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Control of the Laws in the Ancient Democracy at Athens

Edwin Carawan

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The definitive book on judicial review in Athens from the 5th through the 4th centuries BCE.

The power of the court to overturn a law or decree—called judicial review—is a critical feature of modern democracies. Contemporary American judges, for example, determine what is consistent with the Constitution, though this practice is often criticized for giving unelected officials the power to strike down laws enacted by the people's representatives. This principle was actually developed more than two thousand years ago in the ancient democracy at Athens. In Control of the Laws in the Ancient…

The definitive book on judicial review in Athens from the 5th through the 4th centuries BCE.

The power of the court to overturn a law or decree—called judicial review—is a critical feature of modern democracies. Contemporary American judges, for example, determine what is consistent with the Constitution, though this practice is often criticized for giving unelected officials the power to strike down laws enacted by the people's representatives. This principle was actually developed more than two thousand years ago in the ancient democracy at Athens. In Control of the Laws in the Ancient Democracy at Athens, Edwin Carawan reassesses the accumulated evidence to construct a new model of how Athenians made law in the time of Plato and Aristotle, while examining how the courts controlled that process.

Athenian juries, Carawan explains, were manned by many hundreds of ordinary citizens rather than a judicial elite. Nonetheless, in the 1890s, American apologists found vindication for judicial review in the ancient precedent. They believed that Athenian judges decided the fate of laws and decrees legalistically, focusing on fundamental text, because the speeches that survive from antiquity often involve close scrutiny of statutes attributed to lawgivers such as Solon, much as a modern appellate judge might resort to the wording of the Framers. Carawan argues that inscriptions, speeches, and fragments of lost histories make clear that text-based constitutionalism was not so compelling as the ethos of the community.

Carawan explores how the judicial review process changed over time. From the restoration of democracy down to its last decades, the Athenians made significant reforms in their method of legislation, first to expedite a cumbersome process, then to revive the more rigorous safeguards. Jury selection adapted accordingly: the procedure was recast to better represent the polis, and packing the court was thwarted by a complicated lottery. But even as the system evolved, the debate remained much the same: laws and decrees were measured by a standard crafted in the image of the people.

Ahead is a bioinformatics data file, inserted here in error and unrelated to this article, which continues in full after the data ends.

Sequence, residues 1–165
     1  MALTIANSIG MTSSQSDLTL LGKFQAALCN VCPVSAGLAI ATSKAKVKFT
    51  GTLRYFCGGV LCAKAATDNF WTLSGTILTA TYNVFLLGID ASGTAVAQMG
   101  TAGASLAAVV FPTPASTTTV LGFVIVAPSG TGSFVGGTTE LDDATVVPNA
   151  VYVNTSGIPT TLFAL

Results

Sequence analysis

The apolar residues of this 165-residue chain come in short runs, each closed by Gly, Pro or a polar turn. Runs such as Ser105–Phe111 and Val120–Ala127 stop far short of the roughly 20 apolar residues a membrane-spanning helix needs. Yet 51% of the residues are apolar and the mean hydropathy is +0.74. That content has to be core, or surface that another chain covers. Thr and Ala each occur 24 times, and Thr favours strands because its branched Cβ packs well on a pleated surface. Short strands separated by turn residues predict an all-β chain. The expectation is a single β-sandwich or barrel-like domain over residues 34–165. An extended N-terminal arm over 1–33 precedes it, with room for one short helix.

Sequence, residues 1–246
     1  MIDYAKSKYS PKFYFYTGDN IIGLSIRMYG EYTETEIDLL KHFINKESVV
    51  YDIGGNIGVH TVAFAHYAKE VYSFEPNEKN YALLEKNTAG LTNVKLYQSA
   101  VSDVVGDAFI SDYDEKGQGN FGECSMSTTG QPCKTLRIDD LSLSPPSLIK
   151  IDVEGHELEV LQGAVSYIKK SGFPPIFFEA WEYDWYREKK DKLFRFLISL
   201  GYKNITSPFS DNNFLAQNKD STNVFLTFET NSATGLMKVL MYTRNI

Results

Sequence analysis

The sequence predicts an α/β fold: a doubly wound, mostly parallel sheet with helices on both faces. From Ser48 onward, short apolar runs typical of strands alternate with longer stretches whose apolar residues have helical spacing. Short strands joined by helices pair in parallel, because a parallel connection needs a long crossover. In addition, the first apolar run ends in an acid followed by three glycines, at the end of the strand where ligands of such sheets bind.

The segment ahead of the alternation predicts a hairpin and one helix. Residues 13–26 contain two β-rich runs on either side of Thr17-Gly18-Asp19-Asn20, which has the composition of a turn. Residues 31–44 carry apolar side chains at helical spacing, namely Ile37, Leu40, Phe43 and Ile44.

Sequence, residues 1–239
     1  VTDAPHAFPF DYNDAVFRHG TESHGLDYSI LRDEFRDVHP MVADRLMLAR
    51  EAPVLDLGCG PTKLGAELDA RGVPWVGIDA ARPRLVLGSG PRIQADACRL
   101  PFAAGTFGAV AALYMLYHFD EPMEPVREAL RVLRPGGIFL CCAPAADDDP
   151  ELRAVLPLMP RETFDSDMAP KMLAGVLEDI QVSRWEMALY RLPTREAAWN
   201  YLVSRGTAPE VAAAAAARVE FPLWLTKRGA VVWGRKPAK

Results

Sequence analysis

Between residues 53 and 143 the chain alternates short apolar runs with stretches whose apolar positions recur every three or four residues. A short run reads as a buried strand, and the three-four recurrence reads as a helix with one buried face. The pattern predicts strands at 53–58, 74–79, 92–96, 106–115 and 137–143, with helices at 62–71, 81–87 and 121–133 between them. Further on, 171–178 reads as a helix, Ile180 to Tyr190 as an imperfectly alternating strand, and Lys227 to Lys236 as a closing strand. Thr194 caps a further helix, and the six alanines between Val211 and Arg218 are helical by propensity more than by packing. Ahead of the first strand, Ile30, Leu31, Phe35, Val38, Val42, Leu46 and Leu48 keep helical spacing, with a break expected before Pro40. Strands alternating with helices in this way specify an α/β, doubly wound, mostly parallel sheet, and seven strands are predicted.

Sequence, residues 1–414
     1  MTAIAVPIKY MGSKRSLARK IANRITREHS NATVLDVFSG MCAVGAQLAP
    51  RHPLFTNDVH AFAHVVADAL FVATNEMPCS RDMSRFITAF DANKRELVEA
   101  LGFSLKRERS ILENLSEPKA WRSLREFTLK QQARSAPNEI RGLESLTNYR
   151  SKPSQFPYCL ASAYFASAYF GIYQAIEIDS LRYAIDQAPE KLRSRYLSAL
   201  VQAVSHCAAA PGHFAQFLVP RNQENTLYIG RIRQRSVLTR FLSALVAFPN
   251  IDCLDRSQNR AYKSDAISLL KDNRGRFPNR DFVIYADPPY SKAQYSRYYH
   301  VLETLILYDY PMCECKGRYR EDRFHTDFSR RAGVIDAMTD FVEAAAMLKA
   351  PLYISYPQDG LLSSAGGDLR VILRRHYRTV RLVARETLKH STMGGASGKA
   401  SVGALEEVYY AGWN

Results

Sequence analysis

Offering a comprehensive account of the ancient origins of an important political institution through philological methods, rhetorical analysis of ancient arguments, and comparisons between models of judicial review in ancient Greece and the modern United States, Control of the Laws in the Ancient Democracy at Athens is an innovative study of ancient Greek law and democracy.

Reviews

Reviews

The book has been nicely produced by JHU Press, and, at its best, has the merit of drawing our attention to major issues of constitutional law and the history of institutions as the basic contexts to understanding the political culture of Athenian democracy. 

Carawan's detailed analysis of judicial review in ancient Athens demonstrates the unstable interaction between citizens and the law when the lawmakers are also the judges. Carawan helpfully compares the Athenian paradigm with the separation of powers in the US Constitution, which establishes the independent judiciary upon which democracy ultimately depends.

The status of law and its relation to politics is an old problem that lies at the heart of Athenian democracy. Thanks to Edwin Carawan, who brings to bear his customary clarity, thoroughness, and resourceful imagination, we are now much further along in understanding what the Athenians were up to.

The Athenians had a unique method of determining whether a law was constitutional—a procedure that is central to understanding their democracy, as well as our own. Carawan offers an important new interpretation of this fascinating aspect of Athenian society.

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Book Details

Publication Date
Status
Available
Trim Size
6
x
9
Pages
328
ISBN
9781421439495
Illustration Description
4 b&w illus.
Table of Contents

Abbreviations and Conventions
Introduction: The People and the Law—Demos and Nomos
Part I. Legislative Procedure and Court Control
Chapter 1. Making Law and Mending the Constitution
Chapter 2. Judges and

Abbreviations and Conventions
Introduction: The People and the Law—Demos and Nomos
Part I. Legislative Procedure and Court Control
Chapter 1. Making Law and Mending the Constitution
Chapter 2. Judges and Lawmakers
Chapter 3. "Unlawful Acts" (Paranoma) and the Case of the Arginousai Generals
Part II. The Constitutional Window
Chapter 4. Privileged Characters: Aristokrates' Shield for Charidemos
Chapter 5. Outrage: The Case against Androtion
Chapter 6. Overthrowing the Court: The Case against Timokrates' Surety Law
Chapter 7. Breaking the Bargain: The Case against Leptines' Law
Part III. The Crown Case and Its Antecedents
Chapter 8. The Aftermath of Chaironeia
Chapter 9. The Crown Case Comes to Trial
Conclusion: Law's Measure
Notes
Bibliography
Index

Author Bio
Edwin Carawan
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Edwin Carawan

Edwin Carawan is professor emeritus of classics at Missouri State University. He is the author of Rhetoric and the Law of Draco and The Athenian Amnesty and Reconstructing the Law.